The Future of…3 – Food (Part 2)

In-Sight Publishing

The Future of…3 – Food (Part 2)

Scott Douglas Jacobsen & Rick Rosner

May 17, 2017

[Beginning of recorded material]

Rosner: That stuff hasn’t been in US vaccines in a decade. And it’s… Even that has been proven not to cause Autism. And if there are prudent ways to deal with vaccinations. If you have a certain amount of fear of it, you just… If you’re worried about it, you still do the socially responsible thing, and you get your kid vaccinated, you just space out the vaccinations, so the kid doesn’t get three or four on the same day, and you’re doing the right thing, the prudent thing, for both your kid and for society.

And, you’ve taken a small measure of… Exercised a small measure of prudence if the lunatics are right. But yeah, there’s the anti-GMO people, genetically modified organism people, who think that anything that’s been genetically engineered is gonna kill you. But I buy the alternative argument which is that all the food we eat has been genetically engineered through centuries of human… Millennia of human breeding programs. Yeah, we couldn’t get in and directly tweak genes. But, we tweaked it… Endless tweaking…

Corn was this weird wheat-like stuff thousands of years ago, before we bred it into these fat ears of golden kernels. And a lot of food is like that, where it was fairly edible until we bred it into something that’s hyper-edible. And so, if you wanna be anti-GMO, don’t do it on scientific grounds, do it on the grounds that maybe companies like Monsanto have somewhat obnoxious business practices.

Jacobsen: I got two minutes.

Rosner: Okay. So, and then, yeah, there’s food snobbery. Like there’s… LA is full of lifestyle snobbery with yoga moms trying to outdo each other. And there’s fattery and I don’t know, that’s all I have on that.

Jacobsen: I mean, to me it just seems like, it seems to me like something corrosive of culture. It makes culture, in a way, less valuable because it’s less… It reduces the well-being of people in it.

Rosner: Well, it’s, Matt, because some of it goes back to information, where people can only absorb a certain amount of information about stuff. And people’s behavior towards food and lifestyle is to some extent influenced by information, and there’s a lot of information now. And a lot of the information is bullshit and people have to shop around for what… People don’t have to, but people will shop around for what fits their prejudices and fears.

So, anyway, everything is optimal strategies for dealing with food is it’s a probability cloud like a lot of other stuff where you can, trying to optimize stuff but you’re trying to aim at the center if you have the patience for it. Well, everything’s a function of people’s patience and prejudice, discipline and snobbery, and all this forms a cloud of, an end space of food-related behaviors, where some people are gonna be towards one end of the cloud in terms of hyper-disciplined behavior which encompasses hyper-discipline plus dumb-faddish or under-informed behavior like people who use homoeopathic medicine which is basically paying a lot of money for water.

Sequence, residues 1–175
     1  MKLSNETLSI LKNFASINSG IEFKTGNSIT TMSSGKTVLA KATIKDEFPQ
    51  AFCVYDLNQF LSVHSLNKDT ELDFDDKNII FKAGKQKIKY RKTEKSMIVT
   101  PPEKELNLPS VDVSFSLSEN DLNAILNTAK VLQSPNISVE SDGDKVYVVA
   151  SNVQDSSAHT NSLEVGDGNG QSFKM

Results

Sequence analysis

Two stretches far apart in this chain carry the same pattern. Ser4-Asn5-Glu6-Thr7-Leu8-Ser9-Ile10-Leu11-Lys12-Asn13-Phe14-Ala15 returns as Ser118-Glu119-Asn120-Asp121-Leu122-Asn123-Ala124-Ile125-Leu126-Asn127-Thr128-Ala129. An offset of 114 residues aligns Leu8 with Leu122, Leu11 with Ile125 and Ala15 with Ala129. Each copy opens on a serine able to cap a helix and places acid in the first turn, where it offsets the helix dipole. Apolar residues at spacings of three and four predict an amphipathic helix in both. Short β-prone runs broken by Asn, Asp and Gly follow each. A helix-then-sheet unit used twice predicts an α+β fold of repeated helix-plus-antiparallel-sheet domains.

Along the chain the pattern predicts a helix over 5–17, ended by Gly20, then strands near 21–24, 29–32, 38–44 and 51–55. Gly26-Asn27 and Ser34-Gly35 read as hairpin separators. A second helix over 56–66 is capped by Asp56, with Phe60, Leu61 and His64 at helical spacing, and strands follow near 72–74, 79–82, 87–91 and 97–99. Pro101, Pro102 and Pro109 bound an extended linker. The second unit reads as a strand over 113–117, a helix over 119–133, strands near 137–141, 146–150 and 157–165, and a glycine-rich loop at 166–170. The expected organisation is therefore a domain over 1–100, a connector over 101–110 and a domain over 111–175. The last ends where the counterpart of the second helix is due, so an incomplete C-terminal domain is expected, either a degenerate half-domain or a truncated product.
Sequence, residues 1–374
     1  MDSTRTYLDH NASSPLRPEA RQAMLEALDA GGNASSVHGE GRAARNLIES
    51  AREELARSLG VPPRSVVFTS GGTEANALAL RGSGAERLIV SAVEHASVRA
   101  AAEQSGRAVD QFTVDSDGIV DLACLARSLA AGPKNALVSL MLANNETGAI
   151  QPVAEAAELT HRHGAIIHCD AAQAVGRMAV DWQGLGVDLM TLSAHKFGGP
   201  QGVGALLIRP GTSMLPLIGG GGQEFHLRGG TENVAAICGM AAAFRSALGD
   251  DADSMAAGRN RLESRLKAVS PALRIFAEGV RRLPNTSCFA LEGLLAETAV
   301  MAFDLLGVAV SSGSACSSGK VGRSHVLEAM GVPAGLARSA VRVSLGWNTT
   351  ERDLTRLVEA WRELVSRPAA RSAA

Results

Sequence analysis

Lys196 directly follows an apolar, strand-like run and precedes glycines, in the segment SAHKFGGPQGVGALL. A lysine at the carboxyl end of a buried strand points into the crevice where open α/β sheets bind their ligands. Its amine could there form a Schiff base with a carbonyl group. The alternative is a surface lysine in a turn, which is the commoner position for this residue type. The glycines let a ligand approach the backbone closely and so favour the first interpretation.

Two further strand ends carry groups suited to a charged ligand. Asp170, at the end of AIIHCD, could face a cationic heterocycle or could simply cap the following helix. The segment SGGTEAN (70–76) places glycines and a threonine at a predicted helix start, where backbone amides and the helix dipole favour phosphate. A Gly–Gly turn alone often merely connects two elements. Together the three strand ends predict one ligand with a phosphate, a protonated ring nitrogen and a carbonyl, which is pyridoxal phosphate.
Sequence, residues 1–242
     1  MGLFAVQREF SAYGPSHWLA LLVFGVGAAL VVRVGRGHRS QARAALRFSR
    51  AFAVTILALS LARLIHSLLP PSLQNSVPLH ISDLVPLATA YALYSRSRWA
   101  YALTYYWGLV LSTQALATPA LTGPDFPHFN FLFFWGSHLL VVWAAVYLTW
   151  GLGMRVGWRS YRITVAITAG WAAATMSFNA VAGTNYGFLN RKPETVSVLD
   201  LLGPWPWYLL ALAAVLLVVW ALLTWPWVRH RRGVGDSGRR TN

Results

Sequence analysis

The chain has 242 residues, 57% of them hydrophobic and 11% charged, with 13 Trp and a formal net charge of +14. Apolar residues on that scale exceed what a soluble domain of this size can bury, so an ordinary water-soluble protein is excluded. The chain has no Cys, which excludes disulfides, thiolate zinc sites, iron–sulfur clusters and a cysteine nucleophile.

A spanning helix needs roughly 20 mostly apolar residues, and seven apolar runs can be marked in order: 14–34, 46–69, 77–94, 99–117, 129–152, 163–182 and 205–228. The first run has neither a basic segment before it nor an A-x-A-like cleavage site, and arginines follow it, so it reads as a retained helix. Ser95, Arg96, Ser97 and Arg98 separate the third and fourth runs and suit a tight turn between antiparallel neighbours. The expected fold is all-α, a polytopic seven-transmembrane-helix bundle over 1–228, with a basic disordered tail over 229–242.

Jacobsen: Okay.

Rosner: And then on the other end, there are people who, in the hyper-undisciplined end of things, the super resigned people or belligerently indulgent people, and I’m sure there are people who, at the lunatic end of conservatism, eat unhealthily as a gesture of defiance of the liberal dictators of what’s good for you. So, that’s it.

Jacobsen: Okay. Okay.

Rosner: Okay.

Jacobsen: I’ll leave you there and thanks for that.

[End of recorded material]



Rick Rosner

American Television Writer


Rick Rosner


Scott Douglas Jacobsen

Editor-in-Chief, In-Sight Publishing


In-Sight Publishing


[1] Four format points for the session article:

  1. Bold text following “Scott Douglas Jacobsen:” or “Jacobsen:” is Scott Douglas Jacobsen & non-bold text following “Rick Rosner:” or “Rosner:” is Rick Rosner.
  2. Session article conducted, transcribed, edited, formatted, and published by Scott.
  3. Footnotes & in-text citations in the interview & references after the interview.
  4. This session article has been edited for clarity and readability.

For further information on the formatting guidelines incorporated into this document, please see the following documents:

  1. American Psychological Association. (2010). Citation Guide: APA. Retrieved from
  2. Humble, A. (n.d.). Guide to Transcribing. Retrieved from

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